Trinity still has yet to lose a regular season match or postseason match since 2017, its win streak sitting at 44 games. To Snead, that’s “a little bit mind-blowing.”
But she added: “I think I am most proud of the team for not letting that be a focus as we went through the season…they really did a good job of not fearing a loss – we always talk about all the things that you can learn when you lose a game.”
They would just talk specifically about their style of hockey, what they wanted to accomplish against a particular opponent and just bringing their best hockey in those big moments when it mattered the most.
And if they did those things, that’s what the Titans would call “winning.”
“And then, if it also won the game, that was a bonus,” Snead said.
The team didn’t talk about keeping the win streak going for the sake of having a win streak.
“It just wasn’t a part of what their daily efforts were about,” Snead said, “and that was huge. It took a lot off their shoulders, and I think as coaches, that was our biggest fear: that they were going to carry the weight of the previous season. And this was their season, this was their team and the two groups from last year and this year were very different. To take it game by game is what we wanted them to do, and they were mature enough to do that.”
So while on the outside it looked like the same team winning the state championship again, for this particular mix of girls, that was their first together.
“This year we had a lot of new players – last year Lainey was the only freshman…and she had me, she was already like a part of the team,” Cori said. “We had a lot of different personalities, which makes it really fun and interesting every day.”
Whereas last year’s team was very boisterous in its passion and its motivation – “it was palpable,” Snead said; “you could feel it; they wore it in the way they took the field, in the way they spoke to each other” – this team was very matter-of-fact in its leadership.
“They have confidence in their hockey abilities as individuals and they know that, in trusting one another and using the sum of their parts that, as a team, they can achieve great things,” Snead said, “and that was a given with them.”
Certainly, she added, the Titans had their moments where “everything’s exciting and it’s loud in the locker room,” but “it wasn’t what you felt and saw as you watched them go about doing what they do so well.”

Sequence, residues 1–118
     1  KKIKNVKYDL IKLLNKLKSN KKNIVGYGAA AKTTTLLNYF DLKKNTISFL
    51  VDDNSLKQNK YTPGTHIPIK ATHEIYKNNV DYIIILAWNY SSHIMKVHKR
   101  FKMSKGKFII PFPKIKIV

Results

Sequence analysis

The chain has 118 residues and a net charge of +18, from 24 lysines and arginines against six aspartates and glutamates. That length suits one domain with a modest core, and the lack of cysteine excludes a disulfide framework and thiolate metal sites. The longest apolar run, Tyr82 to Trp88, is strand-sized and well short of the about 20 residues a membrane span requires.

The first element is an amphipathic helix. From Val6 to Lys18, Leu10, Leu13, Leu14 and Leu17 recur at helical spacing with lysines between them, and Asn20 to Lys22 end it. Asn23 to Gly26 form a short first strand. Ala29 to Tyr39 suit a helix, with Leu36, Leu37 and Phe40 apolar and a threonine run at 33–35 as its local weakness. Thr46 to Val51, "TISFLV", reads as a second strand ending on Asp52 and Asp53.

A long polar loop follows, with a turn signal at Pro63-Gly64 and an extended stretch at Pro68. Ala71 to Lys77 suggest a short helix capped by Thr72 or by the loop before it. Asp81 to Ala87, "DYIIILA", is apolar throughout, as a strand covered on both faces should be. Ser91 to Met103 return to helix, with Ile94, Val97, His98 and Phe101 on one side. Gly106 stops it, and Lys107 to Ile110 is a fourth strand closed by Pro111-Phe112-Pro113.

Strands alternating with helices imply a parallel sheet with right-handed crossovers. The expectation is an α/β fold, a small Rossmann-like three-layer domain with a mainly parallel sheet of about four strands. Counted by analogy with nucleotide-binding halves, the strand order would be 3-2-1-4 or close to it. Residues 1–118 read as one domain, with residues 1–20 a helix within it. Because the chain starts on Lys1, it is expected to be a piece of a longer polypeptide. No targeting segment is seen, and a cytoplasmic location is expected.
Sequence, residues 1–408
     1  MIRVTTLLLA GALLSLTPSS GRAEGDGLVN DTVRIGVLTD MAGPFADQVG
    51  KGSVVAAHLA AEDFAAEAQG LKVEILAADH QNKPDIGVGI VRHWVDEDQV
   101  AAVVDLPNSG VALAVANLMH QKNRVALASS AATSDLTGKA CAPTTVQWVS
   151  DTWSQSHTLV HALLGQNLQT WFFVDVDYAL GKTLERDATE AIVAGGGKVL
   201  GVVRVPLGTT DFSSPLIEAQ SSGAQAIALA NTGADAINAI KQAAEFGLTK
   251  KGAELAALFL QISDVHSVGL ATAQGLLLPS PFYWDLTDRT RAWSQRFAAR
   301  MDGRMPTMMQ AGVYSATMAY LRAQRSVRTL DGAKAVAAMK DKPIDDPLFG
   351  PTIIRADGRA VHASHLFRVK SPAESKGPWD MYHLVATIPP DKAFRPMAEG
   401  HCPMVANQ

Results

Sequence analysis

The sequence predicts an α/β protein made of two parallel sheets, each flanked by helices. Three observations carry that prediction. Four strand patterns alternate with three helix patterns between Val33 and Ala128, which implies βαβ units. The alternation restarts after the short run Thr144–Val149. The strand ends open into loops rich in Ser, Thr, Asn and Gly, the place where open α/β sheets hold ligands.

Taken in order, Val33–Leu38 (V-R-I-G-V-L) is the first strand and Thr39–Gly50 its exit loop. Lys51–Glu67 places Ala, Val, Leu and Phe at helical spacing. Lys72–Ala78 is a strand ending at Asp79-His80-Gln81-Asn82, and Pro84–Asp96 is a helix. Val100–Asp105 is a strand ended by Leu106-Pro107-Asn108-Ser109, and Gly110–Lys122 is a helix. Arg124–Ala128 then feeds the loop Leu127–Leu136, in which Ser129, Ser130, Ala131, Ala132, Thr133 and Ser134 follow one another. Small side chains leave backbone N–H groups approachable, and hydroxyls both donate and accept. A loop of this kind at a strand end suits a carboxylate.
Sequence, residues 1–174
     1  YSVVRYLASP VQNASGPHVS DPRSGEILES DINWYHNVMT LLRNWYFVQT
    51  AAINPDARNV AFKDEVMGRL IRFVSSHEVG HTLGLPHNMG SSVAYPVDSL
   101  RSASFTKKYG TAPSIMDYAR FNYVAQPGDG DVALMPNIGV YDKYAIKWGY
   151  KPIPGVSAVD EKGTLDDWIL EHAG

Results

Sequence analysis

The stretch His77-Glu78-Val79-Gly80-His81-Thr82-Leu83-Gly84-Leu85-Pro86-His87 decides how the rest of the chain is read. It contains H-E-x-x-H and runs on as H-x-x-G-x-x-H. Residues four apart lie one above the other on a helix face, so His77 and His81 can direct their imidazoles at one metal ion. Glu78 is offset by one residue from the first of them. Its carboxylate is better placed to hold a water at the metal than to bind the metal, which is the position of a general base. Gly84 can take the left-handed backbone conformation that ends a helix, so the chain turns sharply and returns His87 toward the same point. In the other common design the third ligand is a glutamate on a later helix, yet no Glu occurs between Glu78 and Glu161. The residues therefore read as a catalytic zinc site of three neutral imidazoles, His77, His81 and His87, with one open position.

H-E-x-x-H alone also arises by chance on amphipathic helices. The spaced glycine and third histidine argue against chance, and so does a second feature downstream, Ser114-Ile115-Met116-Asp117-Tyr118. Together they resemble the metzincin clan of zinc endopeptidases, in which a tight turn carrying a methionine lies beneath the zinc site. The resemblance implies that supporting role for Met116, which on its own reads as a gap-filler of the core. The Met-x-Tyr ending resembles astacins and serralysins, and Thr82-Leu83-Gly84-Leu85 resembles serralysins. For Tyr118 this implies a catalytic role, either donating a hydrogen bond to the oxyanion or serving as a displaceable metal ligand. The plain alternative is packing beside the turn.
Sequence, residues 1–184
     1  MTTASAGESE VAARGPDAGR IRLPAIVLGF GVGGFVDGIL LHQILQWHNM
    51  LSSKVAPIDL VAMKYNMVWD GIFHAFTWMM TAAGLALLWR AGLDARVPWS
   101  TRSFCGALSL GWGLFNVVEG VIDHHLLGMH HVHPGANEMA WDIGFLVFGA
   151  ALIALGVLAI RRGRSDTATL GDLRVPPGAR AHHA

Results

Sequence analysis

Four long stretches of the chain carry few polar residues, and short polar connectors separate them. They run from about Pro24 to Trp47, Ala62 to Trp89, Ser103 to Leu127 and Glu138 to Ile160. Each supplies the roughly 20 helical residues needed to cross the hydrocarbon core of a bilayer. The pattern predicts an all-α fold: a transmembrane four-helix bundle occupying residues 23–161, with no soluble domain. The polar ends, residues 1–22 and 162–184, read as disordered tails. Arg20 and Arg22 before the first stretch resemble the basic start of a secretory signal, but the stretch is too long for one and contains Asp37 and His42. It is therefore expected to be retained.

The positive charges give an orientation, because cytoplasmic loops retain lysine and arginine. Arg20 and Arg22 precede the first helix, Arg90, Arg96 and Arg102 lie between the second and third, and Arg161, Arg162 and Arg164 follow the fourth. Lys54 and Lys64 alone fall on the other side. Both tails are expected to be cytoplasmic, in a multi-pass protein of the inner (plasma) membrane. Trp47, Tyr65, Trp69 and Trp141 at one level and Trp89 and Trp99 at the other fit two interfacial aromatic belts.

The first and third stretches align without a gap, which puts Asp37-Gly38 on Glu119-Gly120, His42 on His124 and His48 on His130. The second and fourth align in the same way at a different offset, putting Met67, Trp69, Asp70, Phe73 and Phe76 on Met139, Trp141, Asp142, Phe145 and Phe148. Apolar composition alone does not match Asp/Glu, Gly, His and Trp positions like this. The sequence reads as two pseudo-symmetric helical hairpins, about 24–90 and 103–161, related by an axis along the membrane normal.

“That was fun to kind of see the changing of the guards and watching these guys step up as leaders,” she said, “and understanding that they could be their own person and that they could be different from last year and they still could have amazing results.”
Snead praised how her players, as focused and hard-working as they are, go about the process very joyfully. She described how all 25 of Trinity’s players are unique and different – they have different interests in other things with which they’re involved at school – and they all come together as a fun group.
“That fun factor is a big part of it,” Snead said. “I don’t think we could be doing what we were doing if they weren’t enjoying the process.”
She also felt very lucky to have a team of players who spend a lot of time outside of the season on their hockey, building up consistency in the fundamentals. And they push each other in practice.
“I think the fact that they’re as talented as they are really is what brings out the best in each other,” Snead said. “And they don’t mess around in practice, and you don’t want to lose in a drill. It’s no joke, and they’re getting as much competition on a practice day as they do on a game day.”
The players are really close; most of them play for the same club team outside of the high school season.
“We’ve played with each other for years, and then coming to school – having the school relationship, seeing each other at school – it kind of just brings a different aspect to the team,” Cori said.
While Lainey is excited to help the underclassmen over the next two seasons in her junior and senior years at Trinity, Cori next year will remain close to where she delivered a memorable high school career, as she will attend and play Division I field hockey for the University of Richmond. She’ll graduate having shared the joy of winning both state championships with her younger sister Lainey.
“It’s going to be really weird not having this team next year because I’ve been playing with Lainey and all these people for so long; the change is going to be weird, but it will be exciting,” Cori said. “There’s so many different personalities, so every relationship you have with each player is different, and knowing that and being able to talk about different things and communicate differently is definitely something that I’ll take away from the season.”